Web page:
I am currently evaluating the resume of an individual who is making a major career transition. He sent me the current version of his resume and upon careful reading it is filled with significant accomplishments. However, the first impression I had of viewing the resume was “Is this guy Superman?” (If the resume had been from a woman, I would have asked “Wonder Woman?”). The second part of the resume, after a “Professional Summary” that was a few sentences too long, contained a list of almost 20 “Skills.”
First impressions, in this case the quick scan of a resume, are critical. The resume I’m evaluating has other problems, a font that is too small and almost no margins. But this “Look, I can do everything” top section could easily land the resume in the “B” or “C” pile.
The core problem, from a hiring manager’s viewpoint, is that, because I am looking for someone to perform in a specific position, this resume does not speak to what I’m looking for. Also the list of skills is extremely broad, covering almost every business function from marketing to management, from purchasing to project management, from “speeding bullets to tall buildings.”
I usually don’t hesitate to evaluate a resume and provide tough criticism. However, I hesitated on this one just in case I was flashing back to Saturday morning television. I contacted a respected colleague with whom I’ve worked on multiple projects developing materials and teaching improved hiring techniques. Her e-mail nailed the concerns that I had:
The resume is designed to GET YOU THE INTERVIEW, NOT describe everything plus the kitchen sink. It’s like throwing darts in the dark and hoping you will hit someone. Also, with the time that people probably look at resumes now, it’s time for a regroup.
The most important solution for this does require some effort. “Skills” are what you have, not what you’ve done. It is important to understand this reality. “Having” a skill does not mean you are good (or exceptional) at using it and it does not mean it is something that represents one of your strengths.
So, your skills should be included in the accomplishments you list for each position you describe on the resume. Think about the top 2-3 accomplishments for each position and write them in a fashion that describes the “Challenge” you faced, the “Action” you took, and the “Results” achieved. The “Action” you took is where the “Skills” should be clearly stated.
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The next part of the solution is that, in today’s world of easily changed resumes with multiple versions, your resume should be tightly customized for each position you apply for. I said “tightly customized” for a reason. Based on your research about the position and the company you are applying to, your resume should highlight the accomplishments and skills best related to that position. There’s no excuse today for a “one size fits all” resume.
Finally, if you insist on including a list of “Skills” on your resume, place them after your accomplishments. “Skills” by definition are going to be general. So in addition to the “Having versus Doing” mentioned above, they almost always fail to describe what having that skill really means.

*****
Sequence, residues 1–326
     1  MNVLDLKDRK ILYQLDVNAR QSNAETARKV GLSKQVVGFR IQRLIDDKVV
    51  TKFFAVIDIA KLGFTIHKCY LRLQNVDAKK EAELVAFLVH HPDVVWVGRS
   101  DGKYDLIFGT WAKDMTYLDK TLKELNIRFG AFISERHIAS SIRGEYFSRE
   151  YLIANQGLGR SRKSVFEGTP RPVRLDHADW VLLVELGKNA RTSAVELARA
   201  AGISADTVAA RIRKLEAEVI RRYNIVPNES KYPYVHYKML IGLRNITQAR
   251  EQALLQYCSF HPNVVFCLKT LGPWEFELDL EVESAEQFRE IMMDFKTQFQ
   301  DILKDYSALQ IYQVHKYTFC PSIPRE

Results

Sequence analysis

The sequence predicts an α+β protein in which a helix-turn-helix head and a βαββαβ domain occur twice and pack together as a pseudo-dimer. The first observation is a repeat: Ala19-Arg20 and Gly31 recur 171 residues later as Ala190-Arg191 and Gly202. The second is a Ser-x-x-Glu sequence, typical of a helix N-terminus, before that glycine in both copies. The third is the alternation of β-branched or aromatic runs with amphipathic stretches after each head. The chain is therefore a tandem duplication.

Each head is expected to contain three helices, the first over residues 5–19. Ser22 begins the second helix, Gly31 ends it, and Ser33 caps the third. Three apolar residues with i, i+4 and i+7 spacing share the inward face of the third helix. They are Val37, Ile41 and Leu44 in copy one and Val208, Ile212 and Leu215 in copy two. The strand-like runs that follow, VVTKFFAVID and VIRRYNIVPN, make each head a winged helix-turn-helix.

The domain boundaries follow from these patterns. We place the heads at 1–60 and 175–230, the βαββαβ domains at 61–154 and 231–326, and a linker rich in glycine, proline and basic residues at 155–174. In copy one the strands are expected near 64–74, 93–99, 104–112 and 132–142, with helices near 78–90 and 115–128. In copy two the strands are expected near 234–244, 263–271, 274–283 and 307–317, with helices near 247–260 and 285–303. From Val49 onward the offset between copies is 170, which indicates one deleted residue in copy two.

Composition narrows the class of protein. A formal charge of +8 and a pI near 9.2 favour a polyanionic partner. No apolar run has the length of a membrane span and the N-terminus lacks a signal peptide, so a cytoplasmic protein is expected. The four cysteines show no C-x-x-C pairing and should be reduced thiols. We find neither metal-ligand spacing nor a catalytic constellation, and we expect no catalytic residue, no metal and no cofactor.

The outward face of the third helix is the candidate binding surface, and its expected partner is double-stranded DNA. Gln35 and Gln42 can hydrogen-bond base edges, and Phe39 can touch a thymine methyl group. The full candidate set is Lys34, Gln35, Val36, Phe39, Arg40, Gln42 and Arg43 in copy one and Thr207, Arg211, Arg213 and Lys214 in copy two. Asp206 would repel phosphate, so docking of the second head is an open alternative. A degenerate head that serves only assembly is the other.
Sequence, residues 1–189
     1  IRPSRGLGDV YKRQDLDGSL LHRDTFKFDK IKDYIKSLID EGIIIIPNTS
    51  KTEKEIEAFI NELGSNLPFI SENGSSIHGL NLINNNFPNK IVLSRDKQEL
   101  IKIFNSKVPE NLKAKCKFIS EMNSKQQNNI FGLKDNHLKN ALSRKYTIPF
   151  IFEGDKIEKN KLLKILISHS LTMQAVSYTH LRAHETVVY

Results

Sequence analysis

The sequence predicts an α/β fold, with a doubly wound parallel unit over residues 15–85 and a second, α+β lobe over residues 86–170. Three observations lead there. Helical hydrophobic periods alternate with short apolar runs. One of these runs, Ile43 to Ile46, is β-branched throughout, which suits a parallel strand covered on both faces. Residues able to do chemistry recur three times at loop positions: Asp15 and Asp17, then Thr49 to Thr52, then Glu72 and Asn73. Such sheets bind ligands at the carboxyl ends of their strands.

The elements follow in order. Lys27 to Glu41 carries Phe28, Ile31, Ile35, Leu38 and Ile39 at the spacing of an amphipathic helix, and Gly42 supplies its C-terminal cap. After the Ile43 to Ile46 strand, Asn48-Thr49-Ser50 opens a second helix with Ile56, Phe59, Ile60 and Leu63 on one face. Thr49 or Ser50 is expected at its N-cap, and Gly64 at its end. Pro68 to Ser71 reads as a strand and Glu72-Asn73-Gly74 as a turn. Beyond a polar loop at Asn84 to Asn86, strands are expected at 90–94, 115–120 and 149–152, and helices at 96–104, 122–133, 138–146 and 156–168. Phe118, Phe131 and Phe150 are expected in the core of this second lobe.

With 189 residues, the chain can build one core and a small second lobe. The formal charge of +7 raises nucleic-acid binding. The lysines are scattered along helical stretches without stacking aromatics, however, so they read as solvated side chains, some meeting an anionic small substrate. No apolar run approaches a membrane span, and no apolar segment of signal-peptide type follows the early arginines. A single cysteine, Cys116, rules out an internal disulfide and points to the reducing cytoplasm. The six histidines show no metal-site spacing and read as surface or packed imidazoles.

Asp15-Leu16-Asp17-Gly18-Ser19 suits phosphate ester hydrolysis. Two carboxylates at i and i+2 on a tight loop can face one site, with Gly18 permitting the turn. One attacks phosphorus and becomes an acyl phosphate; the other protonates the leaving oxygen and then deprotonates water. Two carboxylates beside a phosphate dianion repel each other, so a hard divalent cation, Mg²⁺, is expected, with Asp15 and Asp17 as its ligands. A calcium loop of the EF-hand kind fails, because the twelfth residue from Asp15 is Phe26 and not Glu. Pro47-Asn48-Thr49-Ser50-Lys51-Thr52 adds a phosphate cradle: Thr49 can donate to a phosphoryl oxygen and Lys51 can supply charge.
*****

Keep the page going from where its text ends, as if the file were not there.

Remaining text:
Unfortunately, having “Microsoft Office Skills” has become the classic example of a skill that tells a hiring manager absolutely nothing about what having that skill means. Does it mean you are a “Certified” Microsoft Office Specialist or does it mean you’ve got the basics of opening and saving a document? The same can be said of almost any skill listed. To repeat, it is in your “Accomplishments” that you describe what you’ve done with those skills.
One More Thing
It is clear that what I’ve described above is, in today’s language, TMI, too much information. There is a very important consideration here and because I started by going back to Superman, I’ll go even further back with “omne trium perfectum,” a Latin phrase that most will easily see states that “everything that comes is threes is perfect.”
The “Rule of Three” suggests that information that comes in sets of three is more effective and easier to remember. It is considered a fundamental element for storytelling, writing, and presentations. I’ve repeatedly stated in my resume advice that you should include 2-3 accomplishments for each of your positions. In each of those accomplishment statements, identify the 2-3 skills used to achieve the result stated.
Your Resume Is a Marketing Piece
Your resume is not your work/life history. It should be written to entice the hiring manager, to make him or her want to interview you. If it appears to me that I know everything about you from your resume, I will wait until after I talk to some other possible candidates before calling you. You want the hiring manager to be very curious to know more about your accomplishments. Your resume is much better if it’s a strong accomplished Clark Kent or Diana Prince, not Superman or Wonder Woman.
About the author
Jim Schreier is a management consultant with a focus on management, leadership, including performance-based hiring and interviewing skills. Visit his website at www.farcliffs.com and www.212-careers.com.
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